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23 Furthermore, the former priests were many in number, because they were prevented by death from continuing in office; 24but he holds his priesthood permanently, because he continues forever. 25Consequently he is able for all time to save those who approach God through him, since he always lives to make intercession for them.


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23. And they truly, etc. He had already touched on this comparison; but as the subject deserved more attention, he unfolds it more fully, though the point discussed is different from what it was before; for then he concluded that the ancient priesthood was to come to an end because they who exercised it were mortal; but now he simply shows that Christ remains perpetually a priest. This he does by an argument taken from things unequal; the ancient priests were many, for death put an end to their priesthood; but there is no death to prevent Christ from discharging his office. Then he alone is a perpetual priest. Thus a different cause produces different effects.

25. Wherefore he is able to save, etc. This is the fruit of an eternal priesthood, even our salvation, if indeed we gather this fruit by faith as we ought to do. For where death is or a change, you will there seek salvation in vain; hence they who cleave to the ancient priesthood, can never attain salvation. When he says, them that come unto God, or who approach God, by this phrase he points out the faithful who alone enjoy the salvation procured by Christ; but he yet at the same time indicates what faith ought to regard in a mediator. The chief good of man is to be united to his God, with whom is the fountain of life and of all blessings; but their own unworthiness drives all away from any access to him. Then the peculiar office of a mediator is to bring us help in this respect, and to stretch out his hand to us that he may lead us to heaven. And he ever alludes to the ancient shadows of the Law; for though the high priest carried the names of the twelve tribes on his shoulders and symbols on his breast, yet he alone entered the sanctuary, while the people stood in the court. But now by relying on Christ the Mediator we enter by faith into heaven, for there is no longer any veil intervening, but God appears to us openly, and lovingly invites us to a familiar access. 124124     Calvin’s version of the former part of the verse is, “Hence he is also able to save for ever those who through him draw nigh to God.” Instead of “to the uttermost” of our version, we have here “forever,” according to the Vulg. Macknight renders the phrase the same and Stuart “always.” But the original, εἰς τὸ παντελὲς, do not refer to time, but to what is fully or perfectly done. It is so taken by Erasmus, Beza, Capellus and Schleusner. There is another difference, whether to connect the words with “able” or with “save.” Most join them with “save,” “he is able also fully (or, for ever) able to save.” When we consider what the subject is — the perfection of Christ as a priest, and not the character of his salvation. We must see that the latter is the right view, and that the passage ought to have been thus rendered, — “And hence he is fully (or perfectly) able to save those who through him come to God.” And the words which follow may be deemed as affording a reason for this, “always living in order to intercede for them,” or, “to interpose in their behalf.”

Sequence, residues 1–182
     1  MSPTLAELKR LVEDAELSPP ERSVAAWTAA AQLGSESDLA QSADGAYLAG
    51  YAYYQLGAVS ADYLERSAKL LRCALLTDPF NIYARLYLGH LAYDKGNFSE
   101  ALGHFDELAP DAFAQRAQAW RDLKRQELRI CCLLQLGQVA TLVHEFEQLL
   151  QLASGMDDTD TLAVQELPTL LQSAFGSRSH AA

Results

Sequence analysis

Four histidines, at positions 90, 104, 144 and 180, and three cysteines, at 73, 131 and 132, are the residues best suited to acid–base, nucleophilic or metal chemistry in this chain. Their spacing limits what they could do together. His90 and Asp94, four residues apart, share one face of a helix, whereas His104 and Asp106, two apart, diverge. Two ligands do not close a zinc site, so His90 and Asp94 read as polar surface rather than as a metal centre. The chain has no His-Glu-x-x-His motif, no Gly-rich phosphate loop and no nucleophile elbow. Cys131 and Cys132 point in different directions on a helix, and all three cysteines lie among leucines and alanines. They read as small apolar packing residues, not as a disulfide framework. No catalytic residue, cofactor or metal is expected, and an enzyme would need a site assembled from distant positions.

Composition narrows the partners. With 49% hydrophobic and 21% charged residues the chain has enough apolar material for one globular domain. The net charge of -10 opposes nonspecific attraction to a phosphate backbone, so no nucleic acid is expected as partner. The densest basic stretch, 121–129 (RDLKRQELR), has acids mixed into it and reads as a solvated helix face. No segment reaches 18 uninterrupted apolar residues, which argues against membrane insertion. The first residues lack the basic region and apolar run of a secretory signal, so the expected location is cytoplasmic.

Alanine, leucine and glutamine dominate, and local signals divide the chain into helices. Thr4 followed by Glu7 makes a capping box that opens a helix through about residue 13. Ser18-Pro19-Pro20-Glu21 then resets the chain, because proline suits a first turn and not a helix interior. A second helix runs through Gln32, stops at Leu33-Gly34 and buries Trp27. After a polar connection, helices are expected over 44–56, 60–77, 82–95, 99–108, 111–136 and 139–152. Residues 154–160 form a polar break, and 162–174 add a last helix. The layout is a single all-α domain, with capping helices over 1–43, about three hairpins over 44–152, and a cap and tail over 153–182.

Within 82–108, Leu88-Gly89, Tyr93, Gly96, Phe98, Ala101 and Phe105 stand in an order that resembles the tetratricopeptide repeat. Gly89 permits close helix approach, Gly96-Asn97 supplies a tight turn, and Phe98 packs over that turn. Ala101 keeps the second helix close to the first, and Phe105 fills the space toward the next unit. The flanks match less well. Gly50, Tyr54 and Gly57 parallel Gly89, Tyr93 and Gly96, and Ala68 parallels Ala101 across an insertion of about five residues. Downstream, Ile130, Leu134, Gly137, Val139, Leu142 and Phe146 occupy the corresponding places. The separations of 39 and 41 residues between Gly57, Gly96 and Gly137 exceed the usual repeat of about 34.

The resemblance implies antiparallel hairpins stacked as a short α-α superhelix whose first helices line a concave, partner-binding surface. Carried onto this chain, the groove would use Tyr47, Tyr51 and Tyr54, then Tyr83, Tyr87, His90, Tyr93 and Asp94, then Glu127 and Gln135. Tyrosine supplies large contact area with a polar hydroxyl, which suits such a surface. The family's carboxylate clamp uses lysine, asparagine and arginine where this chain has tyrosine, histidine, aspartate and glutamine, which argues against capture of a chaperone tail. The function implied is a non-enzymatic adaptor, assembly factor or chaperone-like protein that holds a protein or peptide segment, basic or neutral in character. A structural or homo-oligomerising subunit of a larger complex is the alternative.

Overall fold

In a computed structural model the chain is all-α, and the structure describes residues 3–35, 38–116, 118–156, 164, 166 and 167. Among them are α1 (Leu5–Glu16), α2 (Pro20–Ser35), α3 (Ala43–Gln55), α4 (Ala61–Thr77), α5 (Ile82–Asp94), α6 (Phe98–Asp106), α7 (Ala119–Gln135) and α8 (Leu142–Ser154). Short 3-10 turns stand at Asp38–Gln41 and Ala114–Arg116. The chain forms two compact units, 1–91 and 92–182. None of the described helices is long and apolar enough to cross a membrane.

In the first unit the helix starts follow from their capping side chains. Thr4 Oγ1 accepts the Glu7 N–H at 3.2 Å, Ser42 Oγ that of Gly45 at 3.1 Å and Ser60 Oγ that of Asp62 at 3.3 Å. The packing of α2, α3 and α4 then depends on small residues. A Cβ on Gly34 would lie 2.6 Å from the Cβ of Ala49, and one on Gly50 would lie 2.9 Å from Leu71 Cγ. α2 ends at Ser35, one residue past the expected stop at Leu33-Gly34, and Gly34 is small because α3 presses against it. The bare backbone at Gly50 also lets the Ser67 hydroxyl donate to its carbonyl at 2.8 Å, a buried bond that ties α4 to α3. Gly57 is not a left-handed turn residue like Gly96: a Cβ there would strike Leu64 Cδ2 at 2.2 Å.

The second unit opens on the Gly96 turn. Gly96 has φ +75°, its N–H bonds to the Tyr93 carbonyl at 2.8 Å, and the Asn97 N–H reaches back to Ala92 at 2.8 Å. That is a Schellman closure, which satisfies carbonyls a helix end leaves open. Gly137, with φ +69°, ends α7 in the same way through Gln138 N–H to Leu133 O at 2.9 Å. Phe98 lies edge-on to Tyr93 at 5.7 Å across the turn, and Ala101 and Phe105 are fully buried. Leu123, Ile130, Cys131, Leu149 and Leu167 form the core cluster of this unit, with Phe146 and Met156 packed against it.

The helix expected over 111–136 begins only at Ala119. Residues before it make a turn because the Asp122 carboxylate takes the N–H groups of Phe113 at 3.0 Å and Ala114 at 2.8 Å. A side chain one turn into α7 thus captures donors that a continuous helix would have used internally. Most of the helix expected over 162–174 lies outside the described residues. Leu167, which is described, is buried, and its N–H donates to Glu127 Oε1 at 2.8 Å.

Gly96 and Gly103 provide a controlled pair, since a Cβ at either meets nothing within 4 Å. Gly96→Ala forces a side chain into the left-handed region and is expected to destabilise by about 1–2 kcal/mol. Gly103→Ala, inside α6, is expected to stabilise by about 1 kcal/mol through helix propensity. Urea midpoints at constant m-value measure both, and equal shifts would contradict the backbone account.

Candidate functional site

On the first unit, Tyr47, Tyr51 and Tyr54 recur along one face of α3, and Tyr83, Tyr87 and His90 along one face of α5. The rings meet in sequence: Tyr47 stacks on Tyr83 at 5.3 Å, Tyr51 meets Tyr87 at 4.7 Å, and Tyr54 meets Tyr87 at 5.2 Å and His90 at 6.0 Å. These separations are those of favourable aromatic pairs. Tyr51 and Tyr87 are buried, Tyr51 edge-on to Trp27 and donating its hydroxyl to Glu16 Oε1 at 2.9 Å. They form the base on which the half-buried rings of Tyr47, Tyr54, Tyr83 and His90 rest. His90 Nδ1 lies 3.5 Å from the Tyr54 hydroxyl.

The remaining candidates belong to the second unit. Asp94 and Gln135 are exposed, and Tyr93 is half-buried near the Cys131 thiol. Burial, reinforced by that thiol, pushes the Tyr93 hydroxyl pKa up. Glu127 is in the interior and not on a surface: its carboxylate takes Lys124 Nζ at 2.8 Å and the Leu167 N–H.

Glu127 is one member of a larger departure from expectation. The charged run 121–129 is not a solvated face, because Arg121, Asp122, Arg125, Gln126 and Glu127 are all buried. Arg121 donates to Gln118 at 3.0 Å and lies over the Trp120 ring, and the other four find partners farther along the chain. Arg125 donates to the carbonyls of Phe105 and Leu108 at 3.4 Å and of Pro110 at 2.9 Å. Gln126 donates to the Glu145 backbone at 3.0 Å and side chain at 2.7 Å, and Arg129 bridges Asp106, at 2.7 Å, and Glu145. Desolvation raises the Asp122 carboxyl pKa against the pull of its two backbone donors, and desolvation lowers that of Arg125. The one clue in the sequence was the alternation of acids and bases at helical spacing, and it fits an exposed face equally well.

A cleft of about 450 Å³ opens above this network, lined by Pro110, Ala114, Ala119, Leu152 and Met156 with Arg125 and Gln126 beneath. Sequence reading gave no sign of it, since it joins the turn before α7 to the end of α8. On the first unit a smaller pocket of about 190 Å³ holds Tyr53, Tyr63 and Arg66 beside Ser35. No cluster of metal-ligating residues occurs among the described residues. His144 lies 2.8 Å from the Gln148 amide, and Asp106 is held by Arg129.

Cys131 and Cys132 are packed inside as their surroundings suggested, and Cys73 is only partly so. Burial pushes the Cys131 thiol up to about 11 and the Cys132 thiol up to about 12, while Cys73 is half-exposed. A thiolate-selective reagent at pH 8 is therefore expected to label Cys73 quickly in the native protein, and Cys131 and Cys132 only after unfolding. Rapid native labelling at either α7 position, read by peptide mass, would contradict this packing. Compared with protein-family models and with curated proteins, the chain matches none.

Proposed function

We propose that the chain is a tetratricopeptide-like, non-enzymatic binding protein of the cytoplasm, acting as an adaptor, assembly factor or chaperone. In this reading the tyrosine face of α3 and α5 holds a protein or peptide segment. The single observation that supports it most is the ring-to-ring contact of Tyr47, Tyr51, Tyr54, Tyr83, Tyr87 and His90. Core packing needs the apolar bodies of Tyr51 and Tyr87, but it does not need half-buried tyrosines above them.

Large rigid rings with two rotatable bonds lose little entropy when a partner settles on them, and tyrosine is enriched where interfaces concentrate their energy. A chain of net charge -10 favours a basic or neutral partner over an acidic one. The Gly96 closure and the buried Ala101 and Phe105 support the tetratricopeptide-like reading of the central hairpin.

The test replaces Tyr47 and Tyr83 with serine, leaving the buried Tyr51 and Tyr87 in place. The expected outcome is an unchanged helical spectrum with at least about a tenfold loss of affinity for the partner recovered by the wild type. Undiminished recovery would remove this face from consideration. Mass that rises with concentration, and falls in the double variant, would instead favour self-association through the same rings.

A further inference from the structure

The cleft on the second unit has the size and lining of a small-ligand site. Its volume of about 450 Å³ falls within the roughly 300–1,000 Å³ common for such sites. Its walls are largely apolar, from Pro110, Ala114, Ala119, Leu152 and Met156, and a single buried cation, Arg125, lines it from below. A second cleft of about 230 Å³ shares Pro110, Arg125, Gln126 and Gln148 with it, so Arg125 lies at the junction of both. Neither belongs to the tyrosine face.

However, there is not much difference in the meaning, whether the word “fully” or perfectly be connected with “able” or with “save;” the same truth is essentially conveyed. — Ed.

Seeing he ever liveth, etc. What sort of pledge and how great is this of love towards us! Christ liveth for us, not for himself! That he was received into a blessed immortality to reign in heaven, this has taken place, as the Apostle declares, for our sake. Then the life, and the kingdom, and the glory of Christ are all destined for our salvation as to their object; nor has Christ any thing, which may not be applied to our benefit; for he has been given to us by the Father once for all on this condition, that all his should be ours. He at the same time teaches us by what Christ is doing, that he is performing his office as a priest; for it belongs to a priest to intercede for the people, that they may obtain favor with God. This is what Christ is ever doing, for it was for this purpose that he rose again from the dead. Then of right, for his continual intercession, he claims for himself the office of the priesthood.




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